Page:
A year ago I wrote my last blog post as I wrestled with the current situation of fires threatening all the places that I had lived in and responded to with my last body of work. Internally I felt a deep sense of grief and sadness for these places and the irreplaceable loss as a result. I also mentally struggled to understand how my work, which in essence is a celebration of place, would change its meaning if the places were no longer.
And now, a week before installing my next exhibition I reflect on how this moment has influenced my feelings and concepts behind the work that I have created for this exhibition. I've spent over two months over three seperate trips in and around Cradle Mountain. Over this time, spent in solitude, I feel that I have deeply connected and listened to the place and my response to it has come from a deeply personal place.
The most poignant moment during my time there was a journey into February Plains, an area within the lines drawn and awarded World Heritage Status, approximately 16km as the crow flies from Waldheim, my forest home. In trying to research this area before I went in, a number of people had said that it got off lightly from these fires, However, I witnessed something different.
This plain is no stranger to fire, it has been used for thousands of years as a pathway by the Tommeginne people and as such fire would of been used to manage and live with the land. After European arrival it was used as grazing land and fire was once again used. But as a result of changing land use and climatic changes the fires that these lands experience are now more intense and more frequent than ever before.
I felt I saw Tasmania in a nutshell in a spagnum moss bed that measured 200m by 100m full of Pencil Pine stags that I assumed had been burnt in the 60's fires. I tried to count them but I reached about 100 and then I lost count. There were only 5 left alive and every single one of them had been burnt by the most recent fire, only time will tell if they manage to survive, at least one of them definitely won't.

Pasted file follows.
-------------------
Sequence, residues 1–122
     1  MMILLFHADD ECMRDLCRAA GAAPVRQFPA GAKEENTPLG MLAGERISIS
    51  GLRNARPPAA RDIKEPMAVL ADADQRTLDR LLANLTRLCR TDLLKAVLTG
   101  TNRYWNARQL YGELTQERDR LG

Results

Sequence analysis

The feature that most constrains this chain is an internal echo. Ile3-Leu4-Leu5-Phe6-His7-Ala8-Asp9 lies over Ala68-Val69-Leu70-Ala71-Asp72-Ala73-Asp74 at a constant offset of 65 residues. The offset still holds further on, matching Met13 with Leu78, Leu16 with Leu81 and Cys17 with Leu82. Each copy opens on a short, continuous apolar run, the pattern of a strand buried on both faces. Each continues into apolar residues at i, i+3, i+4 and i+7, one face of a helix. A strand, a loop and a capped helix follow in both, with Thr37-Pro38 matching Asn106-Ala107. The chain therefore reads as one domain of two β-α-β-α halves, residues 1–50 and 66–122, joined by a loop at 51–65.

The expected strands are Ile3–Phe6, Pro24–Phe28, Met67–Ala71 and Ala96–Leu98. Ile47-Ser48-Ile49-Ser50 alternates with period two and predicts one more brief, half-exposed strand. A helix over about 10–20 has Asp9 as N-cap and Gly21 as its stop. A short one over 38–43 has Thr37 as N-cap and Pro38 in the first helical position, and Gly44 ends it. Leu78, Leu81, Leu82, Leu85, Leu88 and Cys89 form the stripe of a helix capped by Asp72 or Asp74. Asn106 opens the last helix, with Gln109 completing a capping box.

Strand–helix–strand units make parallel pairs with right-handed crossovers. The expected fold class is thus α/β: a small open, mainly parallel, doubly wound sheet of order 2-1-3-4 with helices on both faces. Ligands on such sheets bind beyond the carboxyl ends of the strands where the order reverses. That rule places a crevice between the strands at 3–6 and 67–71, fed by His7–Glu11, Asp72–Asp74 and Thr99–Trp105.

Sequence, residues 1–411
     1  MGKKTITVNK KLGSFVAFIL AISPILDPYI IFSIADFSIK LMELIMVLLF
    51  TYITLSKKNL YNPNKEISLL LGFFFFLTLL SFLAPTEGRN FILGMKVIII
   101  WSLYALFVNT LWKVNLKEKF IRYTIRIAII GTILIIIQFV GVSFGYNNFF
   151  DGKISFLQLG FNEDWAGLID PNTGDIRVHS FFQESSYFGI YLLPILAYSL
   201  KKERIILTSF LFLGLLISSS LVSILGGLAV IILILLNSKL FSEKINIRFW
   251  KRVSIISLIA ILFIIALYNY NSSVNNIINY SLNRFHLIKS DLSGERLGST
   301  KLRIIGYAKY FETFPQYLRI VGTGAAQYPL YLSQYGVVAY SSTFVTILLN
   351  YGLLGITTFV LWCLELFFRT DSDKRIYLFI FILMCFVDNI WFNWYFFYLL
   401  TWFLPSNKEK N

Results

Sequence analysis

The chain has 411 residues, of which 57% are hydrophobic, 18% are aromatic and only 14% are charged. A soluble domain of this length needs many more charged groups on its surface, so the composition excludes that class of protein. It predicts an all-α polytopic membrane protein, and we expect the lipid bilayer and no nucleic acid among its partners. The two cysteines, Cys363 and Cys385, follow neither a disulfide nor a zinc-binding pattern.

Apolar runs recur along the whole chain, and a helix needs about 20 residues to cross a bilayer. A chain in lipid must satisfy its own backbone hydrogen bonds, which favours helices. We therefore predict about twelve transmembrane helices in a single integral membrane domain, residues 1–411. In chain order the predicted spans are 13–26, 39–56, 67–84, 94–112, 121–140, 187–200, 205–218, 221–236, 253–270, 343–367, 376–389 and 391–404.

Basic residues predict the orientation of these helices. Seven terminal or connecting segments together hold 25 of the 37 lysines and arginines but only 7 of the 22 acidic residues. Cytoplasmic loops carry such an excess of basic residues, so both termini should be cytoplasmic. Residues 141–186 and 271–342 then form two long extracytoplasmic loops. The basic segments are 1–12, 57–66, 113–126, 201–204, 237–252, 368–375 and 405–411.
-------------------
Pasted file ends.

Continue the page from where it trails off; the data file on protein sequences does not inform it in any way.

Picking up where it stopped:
I discovered the loss of Basil Steers hide hut, a tradegy to lose. It had been the worlds only surving example of one of these left and now all that remains is charred remains and crumpled roofing iron.
For the fire to reach this area and travel across the plains, it tore through broad streches of forests and who knows how many marked, scared and sacred trees we have lost. Such important clues to deepen our understanding of a proud culture that is an integral part of this island.
I don't think I slept the night that I spent up there. My mind was wrestling with what I had witnessed as I walked through the burnt wasteland and knowing how much other land had been burned through Tarkine/ takayna and in the Lake McKensie fires. I am thankful that the fires stopped when they did, however the feelings remains of the fragility of place and knowing what we have already lost from both cultural and natural history perspective. I was filled with a sense of urgency that we need to be talking and doing something to protect the ancient heritage of this land.
I was comforted to return to Waldheim deep in the King Billy forest and felt so thankful that the Windorfers and others had acted in timely manner to protect this place.. I wish I could call them back into being to help us go forward. The ancient forest provided comfort to my spirit. Knowing of this landscapes vulnerability makes me slow down even more, makes me want to imprint these places so deeply within me so I will always know them for I am blessed that I have been able to experience what I have. It inspires me to tell its story in the hope that somehow I can contribute, just a little bit, to a wider conversation.
Its a story of massive geological forces at work, glaciers hundreds of meters deep, ancient conifers and the first flowering plants on the planet, the oldest living culture in the world and the early European explorers trying to understand the land. These stories were whispered to me as I walked and these are the stories that I tell.